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​Publishing Matters: The State of the Literary Arts

Writer's Block | March 16th, 2022

By Suzzanne Kelley

suzzanne.kelley@ndsu.edu

Paper shortages and supply chain problems be damned. I’m here to report that the state of literary arts in our region is well and good. New books are still coming your way and our bookstore owners welcome you to shop the shelves! Readers have more books and author events to choose from than ever. Over the past two years, our area publishers, libraries, and humanities organizations have learned to navigate online platforms as ways to connect writers to readers, and our authors have been writing up a storm, polishing up their dusty, half-started manuscripts during stay-at-home hours.

A brief reflection of the past few months shows an amazing array of books being published and authors conducting readings. Just a few days ago, North Dakota State University Press celebrated nine of its most recent authors, with book topics as varied as routes for bicycle-touring the locations of historical sites, to important memoirs, poetry, and leadership philosophy and skills. While the turnout was terrific, NDSU Press is pleased to report that the 8th Annual NDSU Press Party will take place in person the first Thursday of March 2023.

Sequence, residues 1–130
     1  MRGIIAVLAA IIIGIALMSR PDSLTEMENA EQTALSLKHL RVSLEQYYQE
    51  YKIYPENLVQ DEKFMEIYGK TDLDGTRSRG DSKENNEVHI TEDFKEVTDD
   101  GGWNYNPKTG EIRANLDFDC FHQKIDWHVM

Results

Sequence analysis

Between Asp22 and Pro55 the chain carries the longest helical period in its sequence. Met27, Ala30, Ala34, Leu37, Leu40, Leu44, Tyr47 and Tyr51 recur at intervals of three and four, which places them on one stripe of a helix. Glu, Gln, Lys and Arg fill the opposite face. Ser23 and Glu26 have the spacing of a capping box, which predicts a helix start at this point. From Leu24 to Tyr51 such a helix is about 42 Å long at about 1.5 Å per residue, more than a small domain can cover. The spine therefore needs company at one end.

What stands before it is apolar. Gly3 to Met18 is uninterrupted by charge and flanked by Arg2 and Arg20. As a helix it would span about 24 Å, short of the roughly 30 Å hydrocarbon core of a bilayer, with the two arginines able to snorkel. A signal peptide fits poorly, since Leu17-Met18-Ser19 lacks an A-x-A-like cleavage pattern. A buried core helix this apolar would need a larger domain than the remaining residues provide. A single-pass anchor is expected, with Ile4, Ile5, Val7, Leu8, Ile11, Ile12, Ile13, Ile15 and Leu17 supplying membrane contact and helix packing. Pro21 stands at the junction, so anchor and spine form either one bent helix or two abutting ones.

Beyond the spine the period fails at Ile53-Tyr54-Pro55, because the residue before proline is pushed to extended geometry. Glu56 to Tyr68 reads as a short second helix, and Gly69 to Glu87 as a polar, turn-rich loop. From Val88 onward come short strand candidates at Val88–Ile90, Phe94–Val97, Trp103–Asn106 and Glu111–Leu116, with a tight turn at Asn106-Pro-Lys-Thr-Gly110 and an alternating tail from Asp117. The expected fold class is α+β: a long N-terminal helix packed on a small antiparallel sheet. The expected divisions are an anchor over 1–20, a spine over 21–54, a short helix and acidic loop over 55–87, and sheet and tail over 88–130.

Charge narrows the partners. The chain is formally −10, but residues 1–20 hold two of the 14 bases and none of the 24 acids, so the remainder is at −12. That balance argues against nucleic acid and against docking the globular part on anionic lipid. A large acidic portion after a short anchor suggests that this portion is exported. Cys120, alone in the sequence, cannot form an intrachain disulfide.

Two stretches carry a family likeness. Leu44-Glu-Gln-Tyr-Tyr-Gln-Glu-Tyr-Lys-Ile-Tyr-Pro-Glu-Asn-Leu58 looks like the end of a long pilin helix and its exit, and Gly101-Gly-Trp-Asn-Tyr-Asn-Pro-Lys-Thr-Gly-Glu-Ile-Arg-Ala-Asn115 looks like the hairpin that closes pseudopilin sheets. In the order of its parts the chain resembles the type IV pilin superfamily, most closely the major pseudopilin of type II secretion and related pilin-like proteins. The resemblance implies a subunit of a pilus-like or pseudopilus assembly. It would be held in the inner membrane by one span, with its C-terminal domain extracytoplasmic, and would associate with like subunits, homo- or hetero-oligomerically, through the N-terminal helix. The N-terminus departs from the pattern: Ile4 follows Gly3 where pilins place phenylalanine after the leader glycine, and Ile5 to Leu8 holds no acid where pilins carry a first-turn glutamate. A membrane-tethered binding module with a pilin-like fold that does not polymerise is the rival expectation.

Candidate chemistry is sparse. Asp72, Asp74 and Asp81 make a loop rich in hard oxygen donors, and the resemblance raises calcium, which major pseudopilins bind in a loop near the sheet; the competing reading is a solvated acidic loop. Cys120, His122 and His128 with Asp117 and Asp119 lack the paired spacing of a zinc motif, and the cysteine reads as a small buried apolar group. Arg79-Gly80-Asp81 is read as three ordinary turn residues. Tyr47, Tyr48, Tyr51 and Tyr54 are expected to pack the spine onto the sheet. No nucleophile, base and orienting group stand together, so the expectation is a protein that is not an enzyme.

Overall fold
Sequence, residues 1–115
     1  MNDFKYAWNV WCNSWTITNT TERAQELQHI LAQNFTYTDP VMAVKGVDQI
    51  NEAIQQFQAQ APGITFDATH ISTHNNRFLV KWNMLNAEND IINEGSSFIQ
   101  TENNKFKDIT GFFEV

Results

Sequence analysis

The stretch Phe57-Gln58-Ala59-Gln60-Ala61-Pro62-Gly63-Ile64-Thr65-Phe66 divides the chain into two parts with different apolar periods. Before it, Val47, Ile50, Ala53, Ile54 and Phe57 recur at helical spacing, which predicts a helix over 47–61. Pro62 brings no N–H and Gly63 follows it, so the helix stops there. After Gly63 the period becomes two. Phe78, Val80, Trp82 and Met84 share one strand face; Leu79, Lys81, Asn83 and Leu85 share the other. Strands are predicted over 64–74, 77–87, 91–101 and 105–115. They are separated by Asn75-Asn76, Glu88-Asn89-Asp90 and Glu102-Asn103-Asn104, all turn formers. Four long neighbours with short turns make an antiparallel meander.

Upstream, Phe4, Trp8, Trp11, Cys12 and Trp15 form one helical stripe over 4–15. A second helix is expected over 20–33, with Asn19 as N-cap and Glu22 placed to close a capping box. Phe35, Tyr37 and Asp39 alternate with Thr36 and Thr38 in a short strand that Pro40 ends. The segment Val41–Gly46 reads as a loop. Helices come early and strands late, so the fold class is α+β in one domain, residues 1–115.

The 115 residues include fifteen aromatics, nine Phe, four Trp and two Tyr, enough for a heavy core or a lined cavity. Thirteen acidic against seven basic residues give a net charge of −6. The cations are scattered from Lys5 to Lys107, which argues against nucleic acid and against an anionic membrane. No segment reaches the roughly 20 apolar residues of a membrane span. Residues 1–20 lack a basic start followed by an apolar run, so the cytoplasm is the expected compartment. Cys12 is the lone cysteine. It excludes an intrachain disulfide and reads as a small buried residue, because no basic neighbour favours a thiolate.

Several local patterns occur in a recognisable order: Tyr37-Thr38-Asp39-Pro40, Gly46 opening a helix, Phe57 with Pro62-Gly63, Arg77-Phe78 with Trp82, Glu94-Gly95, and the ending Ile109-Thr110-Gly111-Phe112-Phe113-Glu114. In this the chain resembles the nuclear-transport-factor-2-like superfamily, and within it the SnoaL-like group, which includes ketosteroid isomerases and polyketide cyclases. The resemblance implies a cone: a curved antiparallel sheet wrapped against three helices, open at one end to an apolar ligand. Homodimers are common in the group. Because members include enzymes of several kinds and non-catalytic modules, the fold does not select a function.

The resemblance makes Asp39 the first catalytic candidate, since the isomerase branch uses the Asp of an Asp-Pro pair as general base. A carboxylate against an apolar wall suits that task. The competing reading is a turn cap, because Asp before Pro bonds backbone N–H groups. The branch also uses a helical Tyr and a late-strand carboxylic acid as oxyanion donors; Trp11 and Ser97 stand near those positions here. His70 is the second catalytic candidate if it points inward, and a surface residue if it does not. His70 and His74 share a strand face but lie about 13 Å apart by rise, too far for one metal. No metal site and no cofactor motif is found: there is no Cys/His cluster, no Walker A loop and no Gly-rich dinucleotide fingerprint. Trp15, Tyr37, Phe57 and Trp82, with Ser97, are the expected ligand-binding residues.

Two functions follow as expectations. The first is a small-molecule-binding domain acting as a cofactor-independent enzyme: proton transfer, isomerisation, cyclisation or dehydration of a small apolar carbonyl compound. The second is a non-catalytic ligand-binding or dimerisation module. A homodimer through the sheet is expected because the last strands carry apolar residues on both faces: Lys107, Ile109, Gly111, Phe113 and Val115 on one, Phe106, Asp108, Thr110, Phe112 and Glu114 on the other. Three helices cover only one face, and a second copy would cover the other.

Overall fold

One of the brightest contributions this year is Sarah Vogel’s “The Farmer’s Lawyer: The North Dakota Nine and the Fight to Save the Family Farm”, which is taking the state and the nation by storm. Vogel has been making presentations across North Dakota, following her successful launch in Fargo at Zandbroz Variety. She will soon take the stage for her keynote address at the April 5 Women’s Leadership Network, hosted by the New York University School of Law, her alma mater. Having read Vogel’s book, I am as much enamored with her lawyerly acuity as I am with the powerful story of a young and single mom who accomplished such important work in a time, place, and topic overwhelmed by men in suits and closed doors. “The Farmer’s Lawyer” is endorsed by famed author and attorney John Grisham, and with good reason: this historical narrative reads like a novel.